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European Soccer Transfer Fees Skyrocket

With the close of this summer’s transfer period in Europe a new record was set.

Just looking at the top five leagues (England, Italy, France, Germany, Spain) an astonishing $ 5.2 billion USD was spent, and that is for only one of the two annual transfer periods. The five-year growth in these five leagues is exactly 100%, starting with $ 2.6 billion in 2013.

The breakdown by league in 2017 is as follows:

  1. England: $ 1.8 billion
  2. Italy: $ 1.2 billion
  3. France: $ 0.8 billion
  4. Germany: $ 0.7 billion
  5. Spain: $ 0.7 billion

A single player record was set by Paris St. Germain acquiring Neymar from Barcelona for $ 262 million. That more than doubled the previous record $ 120 million Man United paid for Pogba in 2016. Ronaldo at $ 110 million in 2009 looks like a bargain, even adjusted for inflation.

These transfer fees are fuelled by foreign ownership money flowing into clubs, mostly from China, the Middle East, and the USA. There is a financial fair play system that is supposed to keep this escalation in check. The system is intricate but in essence it requires clubs to spend no more than $ 45 million more on transfers than they take in over the past three years. I am not sure how that is supposed to help as it only enforces a difference, not any maximums.

The result is that the clubs who attract the most money are buying the “best” players. The players take a significant share of the fees and huge salaries. Most important, player agents are making exorbitant commissions. Will buying expensive players win championships? Not in my opinion. It still takes good coaching, team chemistry, and 11 players on the field supporting each other. How much does the potential money from transfers play in the players’ heads? Will a player really support a Neymar so that Neymar’s value and income increases further?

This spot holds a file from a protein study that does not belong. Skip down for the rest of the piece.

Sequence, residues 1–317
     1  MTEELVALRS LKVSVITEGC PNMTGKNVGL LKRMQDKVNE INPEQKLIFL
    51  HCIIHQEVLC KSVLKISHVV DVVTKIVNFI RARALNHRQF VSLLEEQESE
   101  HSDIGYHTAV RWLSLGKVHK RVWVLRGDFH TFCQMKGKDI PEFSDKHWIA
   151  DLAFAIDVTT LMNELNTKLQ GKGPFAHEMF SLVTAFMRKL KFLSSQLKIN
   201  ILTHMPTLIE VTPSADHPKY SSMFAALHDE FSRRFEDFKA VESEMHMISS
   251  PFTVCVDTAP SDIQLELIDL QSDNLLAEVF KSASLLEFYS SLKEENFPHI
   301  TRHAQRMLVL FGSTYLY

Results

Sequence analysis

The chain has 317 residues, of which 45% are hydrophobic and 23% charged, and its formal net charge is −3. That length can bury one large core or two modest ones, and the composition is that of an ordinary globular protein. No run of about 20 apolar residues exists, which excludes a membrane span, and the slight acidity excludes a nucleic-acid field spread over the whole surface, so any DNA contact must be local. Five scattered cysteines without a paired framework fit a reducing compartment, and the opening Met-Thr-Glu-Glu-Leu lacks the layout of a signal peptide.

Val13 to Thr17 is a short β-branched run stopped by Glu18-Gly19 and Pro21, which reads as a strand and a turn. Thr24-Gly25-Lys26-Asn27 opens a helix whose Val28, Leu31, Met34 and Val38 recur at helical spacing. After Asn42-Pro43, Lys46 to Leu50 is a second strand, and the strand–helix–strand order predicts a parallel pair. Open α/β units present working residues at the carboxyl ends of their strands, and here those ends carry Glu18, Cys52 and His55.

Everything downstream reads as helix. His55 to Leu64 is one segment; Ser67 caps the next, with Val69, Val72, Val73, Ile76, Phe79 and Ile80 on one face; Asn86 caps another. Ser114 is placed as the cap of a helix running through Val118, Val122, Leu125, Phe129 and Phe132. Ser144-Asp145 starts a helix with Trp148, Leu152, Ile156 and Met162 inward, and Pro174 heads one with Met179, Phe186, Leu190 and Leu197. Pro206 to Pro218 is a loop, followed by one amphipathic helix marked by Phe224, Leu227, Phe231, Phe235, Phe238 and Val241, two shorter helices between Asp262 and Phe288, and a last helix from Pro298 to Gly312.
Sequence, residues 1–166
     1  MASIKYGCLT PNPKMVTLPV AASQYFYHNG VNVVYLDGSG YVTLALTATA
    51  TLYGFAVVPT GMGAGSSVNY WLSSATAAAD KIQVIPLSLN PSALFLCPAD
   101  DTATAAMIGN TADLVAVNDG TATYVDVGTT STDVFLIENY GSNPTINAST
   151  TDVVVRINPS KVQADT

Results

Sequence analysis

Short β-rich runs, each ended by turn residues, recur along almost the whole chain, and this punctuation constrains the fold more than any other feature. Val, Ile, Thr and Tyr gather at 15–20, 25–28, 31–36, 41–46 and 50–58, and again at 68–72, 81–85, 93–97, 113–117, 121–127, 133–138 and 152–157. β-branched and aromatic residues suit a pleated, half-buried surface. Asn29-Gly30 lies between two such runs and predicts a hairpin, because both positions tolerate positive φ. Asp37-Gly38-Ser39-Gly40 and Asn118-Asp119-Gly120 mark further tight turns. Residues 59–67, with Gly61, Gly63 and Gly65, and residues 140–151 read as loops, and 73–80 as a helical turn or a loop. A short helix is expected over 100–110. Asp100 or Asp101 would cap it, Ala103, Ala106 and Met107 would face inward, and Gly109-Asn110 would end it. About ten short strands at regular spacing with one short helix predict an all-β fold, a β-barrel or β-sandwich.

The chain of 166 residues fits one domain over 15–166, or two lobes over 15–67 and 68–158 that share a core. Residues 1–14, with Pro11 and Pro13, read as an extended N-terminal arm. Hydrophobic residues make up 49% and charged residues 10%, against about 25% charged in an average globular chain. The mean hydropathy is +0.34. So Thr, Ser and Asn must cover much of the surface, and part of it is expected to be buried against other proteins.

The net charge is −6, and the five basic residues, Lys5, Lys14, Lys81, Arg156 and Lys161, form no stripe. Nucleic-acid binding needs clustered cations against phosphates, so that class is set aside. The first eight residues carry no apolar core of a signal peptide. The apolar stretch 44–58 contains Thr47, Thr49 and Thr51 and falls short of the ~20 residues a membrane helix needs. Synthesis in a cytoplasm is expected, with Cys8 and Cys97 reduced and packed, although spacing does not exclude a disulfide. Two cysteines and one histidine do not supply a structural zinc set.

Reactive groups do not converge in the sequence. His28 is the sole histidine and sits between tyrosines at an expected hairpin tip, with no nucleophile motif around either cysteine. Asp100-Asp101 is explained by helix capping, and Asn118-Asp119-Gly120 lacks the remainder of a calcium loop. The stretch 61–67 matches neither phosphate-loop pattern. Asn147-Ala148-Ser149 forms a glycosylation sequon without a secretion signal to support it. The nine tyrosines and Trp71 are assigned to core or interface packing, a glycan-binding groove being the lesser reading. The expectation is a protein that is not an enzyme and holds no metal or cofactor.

The other side effect is a whole new economy in soccer. Clubs can make more money through transfer fees than through ticket and merchandising sales. Some examples:

In 2016 Borussia Dortmund paid $ 18 million for Ousmane Dembele and sold him for $ 120 million to Barcelona in 2017. That’s more profit on one deal than the club made in the past five years combined through soccer operations.

This year Dortmund paid $ 8 million for 17-year-old talent Jadon Sancho to Man City. The strategy is to develop Jadon and then generate a transfer fee of $ 100 million or more in three or four years.

And lastly, clubs are recruiting and developing local talent in the hope of hitting a future transfer jackpot.

So while the fans are cheering their team and enjoy high quality soccer on the pitch, club management are focusing on growing transfer fees, or growing soccer players’ value. At some point we need to wonder about the purpose of soccer. Is it sport or corporate business? Can it really be both?

 

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FIFA Soccer World Cup 2018 QUALIFIERS

Soccer World Cup 2018 is going into the final qualification games. Here is an update as of 5 September 2017:

UEFA (Europe – 14 Teams)

Qualified: Russia (host), Belgium

Virtually qualified: Switzerland, Portugal, Germany, Northern Ireland, England, Spain, Italy

Notable nations at risk: Netherlands

Notable nations not qualified: Hungary, Czech Republic, Austria

CONMEBOL (South America – 4 Teams + 1 Play-Off Chance)

Qualified: Brasil

Virtually qualified: none – tight race between Uruguay, Colombia, Peru, Argentina, Chile, Paraguay, Ecuador

Notable nations at risk: Argentina, Chile

Notable nations not qualified: none

CONCACAF (Central/North America – 3 Teams + 1 Play-Off Chance)

Qualified: Mexico

Virtually qualified: Costa Rica

Notable nations at risk: USA

Notable nations not qualified: none

CAF (Africa – 5 Teams)